Rose Minutaglio
January 06, 2017 12:35 PM

Mickey Wilson saved a skier from a near-death experience at a Colorado ski resort on Wednesday — and he says his incredible act of heroism is all thanks to his slackline skills.

The 28-year-old from Golden, Colorado, arrived at Arapahoe Basin Ski Area in Keystone with plans to hit the slopes with friends. But the fun-filled day quickly turned into a life-threatening recovery mission, when one of Wilson’s fellow skiers suddenly slipped through the chairlift.

“Our other friend had to ride up front because there wasn’t enough space for him on our chair and when we got off the chair he wasn’t there. At first we didn’t know what to think of that and then we started to hear screams and yells,” Wilson said on Good Morning America

“We went down to investigate and we saw our friend hanging lifelessly from the chair.”

“It was all a blur. It was kind of surreal. I knew I was going around the (bullwheel) and then I was backwards and all of the sudden I was blacking out,” the 30-year-old injured skier (who wishes to remain anonymous) told The Denver Post

Wilson says the man (who he describes as a friend of a friend) was “literally being hung by his neck by his backpack,” and hanging 10-feet above the snow.

“It was one of the most scary things I’ve ever seen, honestly. Just seeing a person get the life sucked out of them. I kind of stopped thinking and just started acting,” he told the Post

The resort told the publication that the skier was attempting to unload from the lift when his backpack (filled with food, water and climbing skins) got caught. He was swept around the bullwheel and back down the mountain, when the operator shut down the ride.

Today I saved someone's life. I think some strange forces were at work. I planned to ski by myself today. As fate had it though, some good friends ended up recognizing me despite my ski gear, and we joined forces for an epic pow day. Again, fate intervened. One of our crew got his backpack strap stuck in the chairlift as he tried to unload and the lift dragged him back down the hill. We were on the chair lift behind so we unloaded and ran down the hill to help him when we realized the worst possible thing had happened. The backpack had wrapped around his neck and he was unconscious, dangling 10 feet above the snow. Panic set in and we struggled in vain for about a minute to build a human pyramid to get to him but the powder was too deep and we toppled over. I yelled at the lift operator asking if the lift ran in reverse and he cried no. Ski patrol was on their way but not there yet. Panic was becoming terror as we realized we were about to watch our friend die in front of our helpless eyes. Then I had a eureka moment. I realized I could climb the lift tower above the chair and climb onto the cable and shimmy down to him. I knew my slackline experience prepared me perfectly for this so I burst into action. I climbed the tower and slid down to the the chair. It was second nature, just like being on a slackline only way colder and made of steel. I climbed down the chair and I first tried to break the strap by kicking it but I couldn't. A newly arrived ski patrolman threw me a knife and I luckily caught it on the first try and cut the strap. Our friend fell like a doll into the snow. 8 or so ski patrolman then began CPR. Thankfully they were able to restore his breathing, ski him down to the base, and get him into an ambulance which rushed him to the hospital in Denver. I'd like to take this moment now to thank the #slacklife for the skills it has given me. It was incredibly fortunate I was there and able to act quickly. I'd also like to thank ski patrol for their strong work reviving our friend. I just got an update from the hospital and he's doing quite well and will be released tomorrow! #thankful #lovelife #rightplacerighttime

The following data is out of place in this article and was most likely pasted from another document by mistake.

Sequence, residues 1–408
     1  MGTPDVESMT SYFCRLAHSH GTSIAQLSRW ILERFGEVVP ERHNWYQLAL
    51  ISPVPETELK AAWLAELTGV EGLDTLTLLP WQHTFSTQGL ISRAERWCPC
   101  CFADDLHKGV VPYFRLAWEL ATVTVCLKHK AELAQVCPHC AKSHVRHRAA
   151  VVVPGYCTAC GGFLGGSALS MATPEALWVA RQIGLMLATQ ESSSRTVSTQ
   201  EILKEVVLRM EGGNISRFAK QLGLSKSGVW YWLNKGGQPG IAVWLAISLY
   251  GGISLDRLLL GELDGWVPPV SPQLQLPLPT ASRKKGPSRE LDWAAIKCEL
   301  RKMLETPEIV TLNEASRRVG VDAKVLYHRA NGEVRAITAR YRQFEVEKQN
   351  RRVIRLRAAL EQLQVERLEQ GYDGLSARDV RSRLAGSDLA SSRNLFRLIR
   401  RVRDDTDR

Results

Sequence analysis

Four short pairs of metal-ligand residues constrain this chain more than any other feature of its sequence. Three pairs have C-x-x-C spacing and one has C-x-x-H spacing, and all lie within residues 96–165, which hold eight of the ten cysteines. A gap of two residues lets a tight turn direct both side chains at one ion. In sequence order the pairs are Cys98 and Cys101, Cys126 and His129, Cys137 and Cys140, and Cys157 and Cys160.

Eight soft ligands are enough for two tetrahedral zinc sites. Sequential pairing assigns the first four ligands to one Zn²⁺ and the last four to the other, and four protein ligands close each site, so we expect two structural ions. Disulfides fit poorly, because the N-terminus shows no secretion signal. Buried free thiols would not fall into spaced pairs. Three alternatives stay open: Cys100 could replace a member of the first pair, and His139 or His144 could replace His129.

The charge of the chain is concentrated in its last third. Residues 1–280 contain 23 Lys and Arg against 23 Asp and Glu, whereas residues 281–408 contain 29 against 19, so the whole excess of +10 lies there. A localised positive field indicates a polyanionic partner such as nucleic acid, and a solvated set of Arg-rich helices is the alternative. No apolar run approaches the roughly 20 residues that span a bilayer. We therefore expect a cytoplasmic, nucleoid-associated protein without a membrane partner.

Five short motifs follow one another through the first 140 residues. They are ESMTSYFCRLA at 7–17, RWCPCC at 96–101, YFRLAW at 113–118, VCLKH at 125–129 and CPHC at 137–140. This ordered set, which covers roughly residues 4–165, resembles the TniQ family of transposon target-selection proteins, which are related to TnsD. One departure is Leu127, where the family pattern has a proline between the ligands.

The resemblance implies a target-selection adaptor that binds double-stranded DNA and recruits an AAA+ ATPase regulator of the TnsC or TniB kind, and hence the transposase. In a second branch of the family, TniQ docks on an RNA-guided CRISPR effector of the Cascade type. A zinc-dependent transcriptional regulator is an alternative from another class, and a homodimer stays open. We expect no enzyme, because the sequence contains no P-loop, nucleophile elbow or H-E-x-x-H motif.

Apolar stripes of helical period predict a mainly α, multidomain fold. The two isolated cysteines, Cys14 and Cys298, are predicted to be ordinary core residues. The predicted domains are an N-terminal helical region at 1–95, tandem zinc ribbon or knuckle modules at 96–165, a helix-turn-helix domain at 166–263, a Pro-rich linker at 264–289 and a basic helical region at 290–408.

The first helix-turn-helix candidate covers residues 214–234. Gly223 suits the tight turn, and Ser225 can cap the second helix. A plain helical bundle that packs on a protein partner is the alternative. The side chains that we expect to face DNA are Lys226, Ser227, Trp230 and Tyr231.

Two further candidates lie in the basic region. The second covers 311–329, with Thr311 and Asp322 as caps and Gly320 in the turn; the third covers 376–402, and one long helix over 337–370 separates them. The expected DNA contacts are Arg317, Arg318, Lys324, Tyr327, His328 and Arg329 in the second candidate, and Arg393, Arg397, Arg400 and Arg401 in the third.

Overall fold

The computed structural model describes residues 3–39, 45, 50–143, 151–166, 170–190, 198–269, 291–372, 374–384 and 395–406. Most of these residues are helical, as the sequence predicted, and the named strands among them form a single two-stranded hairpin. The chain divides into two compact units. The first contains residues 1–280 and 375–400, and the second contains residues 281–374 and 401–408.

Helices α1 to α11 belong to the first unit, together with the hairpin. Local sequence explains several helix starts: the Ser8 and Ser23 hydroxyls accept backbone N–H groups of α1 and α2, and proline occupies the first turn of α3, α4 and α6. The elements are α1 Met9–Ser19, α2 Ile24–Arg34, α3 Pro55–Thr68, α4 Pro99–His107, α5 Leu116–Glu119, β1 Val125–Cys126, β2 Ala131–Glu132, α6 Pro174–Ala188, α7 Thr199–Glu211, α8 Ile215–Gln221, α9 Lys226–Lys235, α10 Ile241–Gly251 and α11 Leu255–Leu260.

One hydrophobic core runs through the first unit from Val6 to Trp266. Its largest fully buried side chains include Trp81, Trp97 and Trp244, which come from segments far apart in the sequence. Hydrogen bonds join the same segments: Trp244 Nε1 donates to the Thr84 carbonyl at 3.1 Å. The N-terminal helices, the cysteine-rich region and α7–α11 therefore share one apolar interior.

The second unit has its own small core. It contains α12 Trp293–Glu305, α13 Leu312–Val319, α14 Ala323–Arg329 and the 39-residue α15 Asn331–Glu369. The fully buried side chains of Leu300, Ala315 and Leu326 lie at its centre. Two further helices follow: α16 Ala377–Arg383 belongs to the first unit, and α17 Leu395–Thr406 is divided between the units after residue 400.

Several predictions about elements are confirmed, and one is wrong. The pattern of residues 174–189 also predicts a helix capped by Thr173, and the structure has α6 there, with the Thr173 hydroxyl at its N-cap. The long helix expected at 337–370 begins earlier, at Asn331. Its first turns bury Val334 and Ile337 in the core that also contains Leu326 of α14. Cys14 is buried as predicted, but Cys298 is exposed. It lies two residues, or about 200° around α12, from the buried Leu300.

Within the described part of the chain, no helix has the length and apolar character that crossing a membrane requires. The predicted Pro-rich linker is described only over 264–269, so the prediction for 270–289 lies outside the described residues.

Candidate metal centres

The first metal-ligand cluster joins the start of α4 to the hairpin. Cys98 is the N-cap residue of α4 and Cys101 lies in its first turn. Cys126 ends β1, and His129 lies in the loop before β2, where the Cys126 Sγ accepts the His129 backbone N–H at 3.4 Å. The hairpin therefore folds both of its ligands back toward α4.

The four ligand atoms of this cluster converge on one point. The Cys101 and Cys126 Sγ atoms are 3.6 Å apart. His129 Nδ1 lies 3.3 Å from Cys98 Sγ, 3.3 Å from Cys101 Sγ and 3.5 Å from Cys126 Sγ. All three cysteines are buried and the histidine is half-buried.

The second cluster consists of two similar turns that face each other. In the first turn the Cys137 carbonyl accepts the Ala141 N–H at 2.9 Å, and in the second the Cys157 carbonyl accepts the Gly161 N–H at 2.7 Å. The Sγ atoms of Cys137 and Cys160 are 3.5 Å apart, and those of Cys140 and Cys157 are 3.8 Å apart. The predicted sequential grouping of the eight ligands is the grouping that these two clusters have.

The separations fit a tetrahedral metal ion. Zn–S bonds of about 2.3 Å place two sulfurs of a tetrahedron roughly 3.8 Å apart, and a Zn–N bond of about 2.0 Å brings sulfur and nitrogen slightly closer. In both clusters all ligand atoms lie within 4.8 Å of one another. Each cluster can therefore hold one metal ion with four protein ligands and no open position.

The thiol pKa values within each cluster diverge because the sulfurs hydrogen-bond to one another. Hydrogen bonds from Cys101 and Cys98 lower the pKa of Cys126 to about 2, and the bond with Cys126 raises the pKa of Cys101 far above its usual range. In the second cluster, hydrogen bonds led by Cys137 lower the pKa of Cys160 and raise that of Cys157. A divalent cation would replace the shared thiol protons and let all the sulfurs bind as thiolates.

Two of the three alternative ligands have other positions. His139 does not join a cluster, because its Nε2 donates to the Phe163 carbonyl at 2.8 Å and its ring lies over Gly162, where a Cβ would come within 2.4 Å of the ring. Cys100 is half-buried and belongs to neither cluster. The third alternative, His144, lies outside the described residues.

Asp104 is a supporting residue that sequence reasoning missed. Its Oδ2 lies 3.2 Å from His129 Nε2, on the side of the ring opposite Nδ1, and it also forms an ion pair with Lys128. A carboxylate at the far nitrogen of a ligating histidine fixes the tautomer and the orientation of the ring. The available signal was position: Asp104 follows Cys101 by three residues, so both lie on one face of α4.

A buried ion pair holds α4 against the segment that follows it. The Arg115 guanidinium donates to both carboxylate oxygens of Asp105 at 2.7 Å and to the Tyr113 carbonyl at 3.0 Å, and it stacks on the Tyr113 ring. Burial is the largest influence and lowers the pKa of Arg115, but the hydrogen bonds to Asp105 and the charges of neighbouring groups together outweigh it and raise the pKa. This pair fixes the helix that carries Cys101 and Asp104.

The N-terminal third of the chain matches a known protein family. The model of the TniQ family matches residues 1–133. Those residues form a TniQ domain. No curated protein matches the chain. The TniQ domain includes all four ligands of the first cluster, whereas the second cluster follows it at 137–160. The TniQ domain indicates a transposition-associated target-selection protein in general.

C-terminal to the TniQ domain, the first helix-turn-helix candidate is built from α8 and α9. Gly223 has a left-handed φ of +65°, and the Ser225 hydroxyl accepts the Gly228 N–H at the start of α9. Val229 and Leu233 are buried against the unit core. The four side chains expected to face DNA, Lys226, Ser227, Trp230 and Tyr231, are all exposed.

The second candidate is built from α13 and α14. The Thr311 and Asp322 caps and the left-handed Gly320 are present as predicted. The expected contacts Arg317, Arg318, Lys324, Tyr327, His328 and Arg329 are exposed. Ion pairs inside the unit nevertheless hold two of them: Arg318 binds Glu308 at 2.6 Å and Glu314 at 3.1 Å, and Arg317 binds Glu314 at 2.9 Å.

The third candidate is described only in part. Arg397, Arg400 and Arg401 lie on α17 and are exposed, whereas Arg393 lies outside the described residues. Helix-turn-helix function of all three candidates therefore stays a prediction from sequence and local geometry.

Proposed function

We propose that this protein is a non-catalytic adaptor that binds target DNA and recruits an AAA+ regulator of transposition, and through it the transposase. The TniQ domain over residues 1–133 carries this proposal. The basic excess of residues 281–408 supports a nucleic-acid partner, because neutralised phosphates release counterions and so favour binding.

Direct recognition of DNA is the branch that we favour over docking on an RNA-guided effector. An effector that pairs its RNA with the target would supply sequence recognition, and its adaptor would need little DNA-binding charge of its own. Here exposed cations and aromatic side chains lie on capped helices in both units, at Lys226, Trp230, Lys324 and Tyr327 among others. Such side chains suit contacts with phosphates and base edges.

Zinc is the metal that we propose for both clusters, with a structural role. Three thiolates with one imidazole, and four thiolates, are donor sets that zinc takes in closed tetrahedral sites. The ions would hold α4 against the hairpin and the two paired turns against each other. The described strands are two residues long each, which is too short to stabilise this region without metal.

A post shared by Mickey Wilson (@mickeywilsonslacker) on

 

So, Wilson, an experienced slackliner (a popular activity that consists of balancing on a slack line strung between two posts), and a handful of bystanders tried to create a human pyramid to free the man. But it didn’t work.

“That’s when I realized — it all kind of snapped together — that ‘I can climb this tower and get to him,’ ” Wilson, who travels around the globe competing in slackline competitions, told the Post.

“I threw off my gloves, it was very cold but the adrenaline was really pumping,” he recounted on GMA. “I slid across it, just like I’ve done thousands of time on a slackline and I got down to him. I realized I didn’t have my knife. Right then ski patrol showed up and one of the ski patrolmen made the most perfect toss to me from below from about 20 feet and I caught the knife with my hurt hand and cut him down. It was a wave of relief.” 

Wilson reached the man — who had become unconscious — in a matter of minutes, freeing him with the knife as bystanders yelled, “Cut him loose!”

“The only way I was able to get to him so fast was to climb the tower and shimmy down the line to him so fast,” he told the Post

“I was lucky Mickey was there. I’m alive. I get to go ski again someday,” the injured skier, who will leave St. Anthony Hospital with only a broken rib, told the publication. 

Officials say skiers should not have been wearing a backpack on the lift.

“It’s okay to use a backpack skiing but when you get on the chairlift take it off. Hold on to it. Set it on your lap and don’t wear it when you’re riding the chairlift,” Arapahoe Basin Chief Operating Officer Alan Henceroth told GMA

In a statement released to the station, Arapahoe Basin Ski Area said: “The lift did not malfunction and is currently running and open to the public. We wish to extend our best wishes to our guest for a speedy recovery.”

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